When you first started your business, it probably felt like you were taking on the world by yourself. Most of us start as a one-person show, and there’s so much we can get done in this phase. We have the energy, the curiosity, the time… and things can start to grow quickly.
In this phase of business, you’re doing everything you can possibly think of with your own two hands. You spend hours down the YouTube rabbit hole trying to DIY your budget, graphics, and emails.
At some point, though, most solopreneurs will reach a point where they just can’t do it all alone anymore. All that energy, curiosity, and time has been spent on clients and projects — and now you’re full-up and tapped out. This can be both a blessing and a curse.
On the one hand, you’re making money — go you!
But on the other? The business itself (internal operations, future projects, marketing, etc.) is starting to, or already has, become the last priority in your ever-growing to-do list.
When this happens, it’s a good sign that it’s time to move from solopreneur to CEO. That means changing some of your day-to-day habits and likely outsourcing some work or hiring help. If the idea of stepping into your CEO shoes or leading a team makes you clench up a bit, keep reading.
What Keeps Solopreneurs From Branching Out
The promise of more time and creative energy is usually not enough to help business owners shift into a CEO role or make their first hire. It’s hard to imagine not doing the day-to-day work and not being the one who reviews every tiny detail. It’s also difficult to imagine spending your days doing things that are future-focused rather than fires to put out right now.
And let’s be honest: It’s just really hard to surrender control after being in control of everything for so long. But it’s so worth it. If you’re ready to start making the shift, there are a few things you should know first.
Progress Will Seem Slow at FIrst
Gone are the days of working on a spur-of-the-moment idea at 11 PM and sending it out to the public the next day. If you have client deliverables, someone new is likely going to take longer to do them at first.
You will have to give your team time to learn how you work. They will need to hear you articulate your vision and lay out a plan to execute it. They will need to learn your processes or your clients’ needs and learn as they go. That’s just the way it works when you’re a team.
Communication Isn’t Always Easy
When you’re the only one in your business, the ideas you have can be executed instantly. You don’t have to go through anyone else’s process or worry about clearly communicating an abstract idea.
This can’t be done with a team. You will have to check on them often and be willing to work through any questions. You also need to plan your ideas out, give clear guidance, and be open to questions, feedback, and changes.
People Skills Matter
Even in a virtual setting with contracted employees, you’re still responsible for creating a team environment that promotes success, recognition, and open dialogue. You will have to make a bit of an effort to get to know your employees because there isn’t any office water cooler chat.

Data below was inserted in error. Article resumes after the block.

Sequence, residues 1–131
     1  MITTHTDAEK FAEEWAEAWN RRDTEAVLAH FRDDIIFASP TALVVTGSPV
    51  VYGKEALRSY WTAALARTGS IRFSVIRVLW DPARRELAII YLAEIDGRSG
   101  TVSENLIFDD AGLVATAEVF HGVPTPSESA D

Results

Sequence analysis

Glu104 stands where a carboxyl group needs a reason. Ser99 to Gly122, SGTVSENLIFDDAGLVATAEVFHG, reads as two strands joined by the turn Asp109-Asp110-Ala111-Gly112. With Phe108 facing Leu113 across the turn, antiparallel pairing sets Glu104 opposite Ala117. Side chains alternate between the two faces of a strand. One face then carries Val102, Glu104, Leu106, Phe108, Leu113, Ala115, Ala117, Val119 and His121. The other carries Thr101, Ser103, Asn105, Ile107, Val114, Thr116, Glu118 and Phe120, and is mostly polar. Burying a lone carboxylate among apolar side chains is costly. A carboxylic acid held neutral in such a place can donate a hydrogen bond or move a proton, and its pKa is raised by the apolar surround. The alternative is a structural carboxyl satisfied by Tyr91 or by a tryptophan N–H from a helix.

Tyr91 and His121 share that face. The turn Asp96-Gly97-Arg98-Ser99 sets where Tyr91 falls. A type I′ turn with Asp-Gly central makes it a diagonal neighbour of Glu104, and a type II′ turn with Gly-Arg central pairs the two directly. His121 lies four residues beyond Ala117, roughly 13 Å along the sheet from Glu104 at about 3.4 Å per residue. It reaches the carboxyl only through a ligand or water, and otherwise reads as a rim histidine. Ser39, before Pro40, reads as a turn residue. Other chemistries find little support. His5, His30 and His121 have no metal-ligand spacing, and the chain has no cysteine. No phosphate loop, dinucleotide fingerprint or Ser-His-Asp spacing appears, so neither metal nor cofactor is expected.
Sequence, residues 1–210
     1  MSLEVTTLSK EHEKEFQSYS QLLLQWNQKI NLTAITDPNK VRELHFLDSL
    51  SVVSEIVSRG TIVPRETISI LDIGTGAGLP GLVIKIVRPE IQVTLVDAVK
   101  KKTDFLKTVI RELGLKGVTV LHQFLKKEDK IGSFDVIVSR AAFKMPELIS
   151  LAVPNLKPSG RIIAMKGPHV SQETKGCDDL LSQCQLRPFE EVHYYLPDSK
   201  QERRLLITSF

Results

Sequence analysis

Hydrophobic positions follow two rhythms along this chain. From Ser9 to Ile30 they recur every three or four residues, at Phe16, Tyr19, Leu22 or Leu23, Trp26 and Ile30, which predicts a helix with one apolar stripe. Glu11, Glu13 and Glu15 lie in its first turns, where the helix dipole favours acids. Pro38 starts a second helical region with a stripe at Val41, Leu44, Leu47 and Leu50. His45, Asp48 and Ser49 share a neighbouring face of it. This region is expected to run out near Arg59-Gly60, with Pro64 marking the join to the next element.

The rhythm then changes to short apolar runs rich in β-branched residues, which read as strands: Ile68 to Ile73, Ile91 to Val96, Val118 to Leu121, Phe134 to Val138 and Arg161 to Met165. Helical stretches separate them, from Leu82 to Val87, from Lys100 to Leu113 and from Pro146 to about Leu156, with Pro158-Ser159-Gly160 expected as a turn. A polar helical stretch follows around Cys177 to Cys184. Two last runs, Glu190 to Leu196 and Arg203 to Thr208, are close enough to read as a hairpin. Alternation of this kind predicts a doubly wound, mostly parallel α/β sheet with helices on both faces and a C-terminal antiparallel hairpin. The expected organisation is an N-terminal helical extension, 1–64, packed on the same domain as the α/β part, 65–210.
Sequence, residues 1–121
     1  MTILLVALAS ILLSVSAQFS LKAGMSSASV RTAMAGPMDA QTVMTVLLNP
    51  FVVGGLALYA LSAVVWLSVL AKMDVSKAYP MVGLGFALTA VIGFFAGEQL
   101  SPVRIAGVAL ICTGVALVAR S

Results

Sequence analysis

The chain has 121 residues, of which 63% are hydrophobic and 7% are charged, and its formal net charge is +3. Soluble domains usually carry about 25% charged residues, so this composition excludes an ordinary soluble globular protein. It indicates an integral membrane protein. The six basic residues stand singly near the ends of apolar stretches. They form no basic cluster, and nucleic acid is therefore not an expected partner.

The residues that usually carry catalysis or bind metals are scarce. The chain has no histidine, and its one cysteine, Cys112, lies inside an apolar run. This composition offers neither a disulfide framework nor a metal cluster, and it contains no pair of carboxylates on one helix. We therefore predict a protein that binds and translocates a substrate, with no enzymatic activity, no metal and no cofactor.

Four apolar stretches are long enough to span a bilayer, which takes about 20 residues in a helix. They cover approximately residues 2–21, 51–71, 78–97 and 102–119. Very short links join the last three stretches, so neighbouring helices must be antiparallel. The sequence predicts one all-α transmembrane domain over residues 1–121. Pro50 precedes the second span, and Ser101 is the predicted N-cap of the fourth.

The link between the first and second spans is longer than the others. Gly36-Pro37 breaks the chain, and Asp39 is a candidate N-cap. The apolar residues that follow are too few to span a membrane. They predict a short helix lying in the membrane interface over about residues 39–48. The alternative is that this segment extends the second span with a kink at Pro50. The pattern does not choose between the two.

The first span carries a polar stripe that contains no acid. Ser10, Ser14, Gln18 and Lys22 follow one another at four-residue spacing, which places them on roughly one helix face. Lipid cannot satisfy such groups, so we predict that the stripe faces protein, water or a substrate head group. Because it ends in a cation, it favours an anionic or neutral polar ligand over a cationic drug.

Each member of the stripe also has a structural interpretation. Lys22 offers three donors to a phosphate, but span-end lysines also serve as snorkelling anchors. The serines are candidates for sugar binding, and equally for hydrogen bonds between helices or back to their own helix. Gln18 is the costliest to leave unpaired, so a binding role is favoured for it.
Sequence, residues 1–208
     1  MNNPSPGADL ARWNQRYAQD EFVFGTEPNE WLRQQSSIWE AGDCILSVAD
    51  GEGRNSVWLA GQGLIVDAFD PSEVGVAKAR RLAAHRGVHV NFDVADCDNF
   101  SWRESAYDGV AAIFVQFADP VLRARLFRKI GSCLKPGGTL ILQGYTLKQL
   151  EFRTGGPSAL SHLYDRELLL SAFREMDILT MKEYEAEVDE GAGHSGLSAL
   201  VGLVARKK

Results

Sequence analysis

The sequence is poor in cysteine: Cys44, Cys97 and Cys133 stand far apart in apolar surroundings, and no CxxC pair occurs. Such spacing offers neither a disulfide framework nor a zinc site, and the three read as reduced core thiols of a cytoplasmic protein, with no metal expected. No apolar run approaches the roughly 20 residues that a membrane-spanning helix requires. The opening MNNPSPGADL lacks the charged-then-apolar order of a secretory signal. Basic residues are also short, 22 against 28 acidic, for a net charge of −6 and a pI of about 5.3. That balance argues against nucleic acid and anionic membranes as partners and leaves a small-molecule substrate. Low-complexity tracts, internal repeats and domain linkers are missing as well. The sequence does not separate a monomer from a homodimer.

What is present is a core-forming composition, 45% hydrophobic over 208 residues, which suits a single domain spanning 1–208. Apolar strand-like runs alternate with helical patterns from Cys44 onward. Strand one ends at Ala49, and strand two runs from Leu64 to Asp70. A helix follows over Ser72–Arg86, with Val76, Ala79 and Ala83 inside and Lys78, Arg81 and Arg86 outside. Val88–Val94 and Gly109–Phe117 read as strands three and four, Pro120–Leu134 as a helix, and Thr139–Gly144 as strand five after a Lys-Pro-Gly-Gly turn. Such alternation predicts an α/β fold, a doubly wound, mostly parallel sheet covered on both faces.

Something that’s helped me? Create a profile for each member of your team.
We include work profiles, like their StrengthsFinder results, Love Language preferences, and their Myers-Briggs personality type. We take the extra step to learn a few of their favorite things, so we can easily pop something small in the mail to show our appreciation.
What It Looks Like to Be a CEO (Hint: It’s not what you expect)
The online biz solopreneur is on the go all the time. They have a million ideas in their head at any given moment and there are plenty of things that keep them up all night. Whether it’s a shiny new offer they are itching to create or a client deadline that’s approaching, their minds stay incredibly active. And they have to be, because they are the only ones who can move the needle forward in their business.
Solopreneurs are scrappy and fast-moving — and there is so much we can get done in this phase of our business. But there’s a downside to doing it all alone.
If they’re not innovating, implementing, and booking new business, no one else will.
Ever come up with an idea, start working away at it furiously (all-nighters are for big ideas, right?!) but never actually get the project off the ground and launched? You might be a solopreneur.
A CEO, however, is the leader of a company. They still have the same sharp minds and plenty of ideas, but instead of focusing on the nitty-gritty day-to-day execution tasks in their business (like daily operations, client work, marketing assets, bookkeeping, etc.), CEOs can focus the majority of their time and energy on working through their big ideas.
Of course, becoming the CEO of your business sounds great. You can steer the ship without doing all the grunt work — great. But it’s not all roses and rainbows.
When you transition into the CEO role, you’ll find you have to (gasp!) trust other people. You will have to hire help. And you will need to be open to feedback because you will make mistakes.